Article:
I'm not an expert but I'm honored to offer my thoughts on this subject. I recently made a short with the help of @nathanwaters @tothemaxxx & @kpreiss that can be seen here: vimeo.com/117360598
  1. Make a lot of them
    I think one of the mistakes people make is they put all their eggs in the proverbial basket of ONE BIG SHORT. I spent years and years making smaller ones where the budget was just however much it cost for me to buy everybody lunch, and most of them were bad but they all helped get me ready to make one on a slightly larger scale with some real money. If this had been my first thing, I would have completely eaten shit on it.
  2. Pool every resource you can
    Short filmmaking is all about favors, so try to be smart. What are the coolest locations you have access to, whether that's a loft downtown or a pharmacy on Main Street? Do you have any friends that make good music who'd let you use a song of theirs? Do you know someone who does graphic design and can help make your titles look special? I've found directing to be a largely curatorial job, so whatever the world is that you live in, try to bring together the best of it.
  3. Don't cheap out on production value
    I love the Duplass Bros but the days where you get into Sundance with a short you shot in 20 mins on a camcorder with an onboard mic are gone. It's like modern art: you can't just paint a white square anymore. There are lots of advantages to the digital revolution but you also have to compete with an unprecedented amount of content. You can shoot on an iPhone or an Alexa but make sure it looks good and just as importantly sounds good. Mix it, color it. Anything worth doing is worth doing right.
  4. But don't JUST focus on production value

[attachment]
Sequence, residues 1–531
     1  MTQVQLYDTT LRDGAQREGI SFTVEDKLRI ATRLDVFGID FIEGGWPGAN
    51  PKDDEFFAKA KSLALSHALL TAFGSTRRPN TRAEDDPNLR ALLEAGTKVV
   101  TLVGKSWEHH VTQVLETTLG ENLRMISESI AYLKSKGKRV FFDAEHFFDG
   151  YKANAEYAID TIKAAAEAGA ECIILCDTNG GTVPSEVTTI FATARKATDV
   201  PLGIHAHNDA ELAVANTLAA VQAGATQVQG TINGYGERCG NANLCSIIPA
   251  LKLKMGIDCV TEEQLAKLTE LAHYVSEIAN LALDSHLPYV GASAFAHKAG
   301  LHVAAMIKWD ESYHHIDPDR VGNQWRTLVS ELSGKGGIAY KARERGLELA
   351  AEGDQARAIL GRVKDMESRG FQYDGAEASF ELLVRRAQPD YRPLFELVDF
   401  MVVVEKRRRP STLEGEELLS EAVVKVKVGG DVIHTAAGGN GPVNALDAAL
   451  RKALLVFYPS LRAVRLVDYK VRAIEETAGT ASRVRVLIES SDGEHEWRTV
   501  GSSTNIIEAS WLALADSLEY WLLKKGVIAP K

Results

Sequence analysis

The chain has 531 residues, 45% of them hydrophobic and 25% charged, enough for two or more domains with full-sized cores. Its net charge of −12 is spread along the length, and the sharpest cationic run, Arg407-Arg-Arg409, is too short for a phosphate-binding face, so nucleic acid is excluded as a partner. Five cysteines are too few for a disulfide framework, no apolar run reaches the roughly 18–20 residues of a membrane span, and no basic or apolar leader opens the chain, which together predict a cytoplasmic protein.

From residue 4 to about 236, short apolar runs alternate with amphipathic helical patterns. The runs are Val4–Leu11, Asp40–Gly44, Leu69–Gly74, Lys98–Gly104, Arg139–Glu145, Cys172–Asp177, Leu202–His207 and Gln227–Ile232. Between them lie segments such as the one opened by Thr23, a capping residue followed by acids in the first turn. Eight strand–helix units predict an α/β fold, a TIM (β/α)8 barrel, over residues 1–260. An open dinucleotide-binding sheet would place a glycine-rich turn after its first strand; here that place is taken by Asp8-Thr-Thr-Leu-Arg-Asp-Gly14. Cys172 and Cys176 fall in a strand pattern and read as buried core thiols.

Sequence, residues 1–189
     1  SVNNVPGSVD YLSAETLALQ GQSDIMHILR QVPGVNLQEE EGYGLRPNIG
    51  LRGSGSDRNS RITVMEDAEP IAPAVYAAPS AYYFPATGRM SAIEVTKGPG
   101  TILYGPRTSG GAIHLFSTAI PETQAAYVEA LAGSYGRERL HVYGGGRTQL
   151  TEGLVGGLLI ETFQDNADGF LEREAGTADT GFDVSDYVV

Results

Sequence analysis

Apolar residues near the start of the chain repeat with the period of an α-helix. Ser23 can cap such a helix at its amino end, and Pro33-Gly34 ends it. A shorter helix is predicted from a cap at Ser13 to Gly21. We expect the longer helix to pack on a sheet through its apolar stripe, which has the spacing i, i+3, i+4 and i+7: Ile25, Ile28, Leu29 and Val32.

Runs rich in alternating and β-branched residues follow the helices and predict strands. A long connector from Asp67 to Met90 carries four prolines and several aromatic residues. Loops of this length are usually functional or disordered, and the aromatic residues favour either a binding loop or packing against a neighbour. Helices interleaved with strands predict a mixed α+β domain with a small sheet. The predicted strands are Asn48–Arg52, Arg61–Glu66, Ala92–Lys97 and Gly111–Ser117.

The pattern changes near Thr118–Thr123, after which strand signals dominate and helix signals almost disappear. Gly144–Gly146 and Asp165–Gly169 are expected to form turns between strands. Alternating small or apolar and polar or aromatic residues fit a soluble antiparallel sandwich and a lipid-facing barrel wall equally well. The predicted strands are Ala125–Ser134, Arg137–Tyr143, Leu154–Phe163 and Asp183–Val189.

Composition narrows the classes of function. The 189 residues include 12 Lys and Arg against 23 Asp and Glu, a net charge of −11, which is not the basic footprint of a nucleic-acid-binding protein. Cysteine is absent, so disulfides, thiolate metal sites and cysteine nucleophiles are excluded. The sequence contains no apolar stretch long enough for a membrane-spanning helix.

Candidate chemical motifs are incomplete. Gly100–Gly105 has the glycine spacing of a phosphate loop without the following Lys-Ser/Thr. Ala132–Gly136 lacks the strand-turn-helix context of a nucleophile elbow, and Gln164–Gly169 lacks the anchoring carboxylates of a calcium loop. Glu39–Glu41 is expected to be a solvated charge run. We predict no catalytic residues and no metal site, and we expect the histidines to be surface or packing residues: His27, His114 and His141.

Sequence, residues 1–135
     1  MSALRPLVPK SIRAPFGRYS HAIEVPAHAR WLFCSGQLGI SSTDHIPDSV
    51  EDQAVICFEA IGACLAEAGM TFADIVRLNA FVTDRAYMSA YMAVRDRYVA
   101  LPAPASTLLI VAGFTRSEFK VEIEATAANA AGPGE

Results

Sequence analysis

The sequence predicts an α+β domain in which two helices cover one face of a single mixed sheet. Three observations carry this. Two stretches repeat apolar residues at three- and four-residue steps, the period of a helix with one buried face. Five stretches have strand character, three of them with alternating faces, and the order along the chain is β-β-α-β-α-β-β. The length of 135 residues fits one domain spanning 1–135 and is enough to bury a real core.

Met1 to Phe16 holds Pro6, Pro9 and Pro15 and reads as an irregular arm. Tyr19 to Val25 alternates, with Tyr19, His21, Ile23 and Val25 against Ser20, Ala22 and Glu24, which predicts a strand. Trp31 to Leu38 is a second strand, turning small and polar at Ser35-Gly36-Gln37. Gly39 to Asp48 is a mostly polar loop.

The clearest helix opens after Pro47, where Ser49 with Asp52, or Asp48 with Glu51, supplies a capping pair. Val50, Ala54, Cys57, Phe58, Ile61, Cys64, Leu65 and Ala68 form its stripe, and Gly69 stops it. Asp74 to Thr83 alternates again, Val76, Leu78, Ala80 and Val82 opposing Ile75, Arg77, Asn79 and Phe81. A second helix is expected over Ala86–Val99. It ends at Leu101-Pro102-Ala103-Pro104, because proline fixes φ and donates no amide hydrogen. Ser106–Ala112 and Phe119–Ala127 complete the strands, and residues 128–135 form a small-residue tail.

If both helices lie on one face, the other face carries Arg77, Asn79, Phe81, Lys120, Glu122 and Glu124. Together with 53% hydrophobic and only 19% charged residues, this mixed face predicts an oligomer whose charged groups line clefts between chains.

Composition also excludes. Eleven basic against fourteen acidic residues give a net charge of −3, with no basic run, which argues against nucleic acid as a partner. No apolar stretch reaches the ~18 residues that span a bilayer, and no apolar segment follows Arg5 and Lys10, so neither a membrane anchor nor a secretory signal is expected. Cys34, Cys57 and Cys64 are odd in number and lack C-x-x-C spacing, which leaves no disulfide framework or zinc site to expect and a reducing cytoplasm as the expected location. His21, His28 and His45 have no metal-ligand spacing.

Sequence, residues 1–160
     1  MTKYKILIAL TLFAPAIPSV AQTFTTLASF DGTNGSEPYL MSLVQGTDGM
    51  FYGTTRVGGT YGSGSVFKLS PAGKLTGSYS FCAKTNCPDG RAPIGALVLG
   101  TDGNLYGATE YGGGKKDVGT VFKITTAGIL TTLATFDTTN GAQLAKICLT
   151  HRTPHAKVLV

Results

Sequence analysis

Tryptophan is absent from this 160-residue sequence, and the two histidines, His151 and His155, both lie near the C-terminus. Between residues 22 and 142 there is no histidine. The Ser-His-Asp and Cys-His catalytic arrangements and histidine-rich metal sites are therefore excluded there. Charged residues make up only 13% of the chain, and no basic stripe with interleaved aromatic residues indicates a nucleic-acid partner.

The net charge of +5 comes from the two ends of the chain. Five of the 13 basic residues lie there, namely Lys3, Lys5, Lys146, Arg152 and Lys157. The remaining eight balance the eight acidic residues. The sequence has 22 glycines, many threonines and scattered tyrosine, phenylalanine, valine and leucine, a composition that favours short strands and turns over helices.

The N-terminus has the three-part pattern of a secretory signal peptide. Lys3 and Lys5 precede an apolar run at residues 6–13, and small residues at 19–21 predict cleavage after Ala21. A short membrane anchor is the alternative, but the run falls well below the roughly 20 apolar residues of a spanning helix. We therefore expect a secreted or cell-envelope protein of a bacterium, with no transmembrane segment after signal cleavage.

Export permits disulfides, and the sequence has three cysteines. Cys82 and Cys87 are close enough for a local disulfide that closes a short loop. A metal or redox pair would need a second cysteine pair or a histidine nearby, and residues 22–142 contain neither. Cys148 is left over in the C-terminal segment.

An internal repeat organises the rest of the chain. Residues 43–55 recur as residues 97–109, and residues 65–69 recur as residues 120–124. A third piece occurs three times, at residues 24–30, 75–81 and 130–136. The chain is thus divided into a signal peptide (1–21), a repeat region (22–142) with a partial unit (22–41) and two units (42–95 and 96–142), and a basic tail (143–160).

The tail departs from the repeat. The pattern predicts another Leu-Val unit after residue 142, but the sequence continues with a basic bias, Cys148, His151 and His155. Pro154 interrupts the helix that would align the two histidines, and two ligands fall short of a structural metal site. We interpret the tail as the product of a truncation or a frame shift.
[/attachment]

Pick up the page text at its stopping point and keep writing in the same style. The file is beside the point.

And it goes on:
I went to film school with kids who'd go shoot some 30 minute opus on a RED camera in the Colombian jungle, and if you can really pull something like that off, then by all means don't let me stop you. But make sure you don't let story and character fall to the wayside. Story and character are free, and they are what will make or break your movie, the difference between having something good and having some shiny empty thing about which people will only say: "it was really well shot..."
  5. Steal from the stuff you love, but try to do it in ways that are less obvious
    Don't rip off Wes Anderson. We all love his movies but you just can't. That being said I steal a lot. The end of my short features a melancholy piano cue and the nat sound continues under the credits, mingling with the music. For that I basically ripped off the perfect GIRLS episode "One Man's Trash" (sorry @lenadunham & @jennikonner & thanks for the inspiration). Their Michael Penn piece is what I gave my dad as a reference for our final theme and I made @tothemaxxx watch the episode on HBOGo.
  6. Make everyone feel like they have a stake in it
    Back in high school I would beg friends to come over for an hour to hold a boom, but that piecemeal method gets old fast. If you can create an environment where everybody that's there WANTS to be there and wants the thing to be good, I promise it will come across on screen and improve every aspect of your movie, in addition to making it way more fun to make.
  7. Give people an opportunity to do something they haven't done before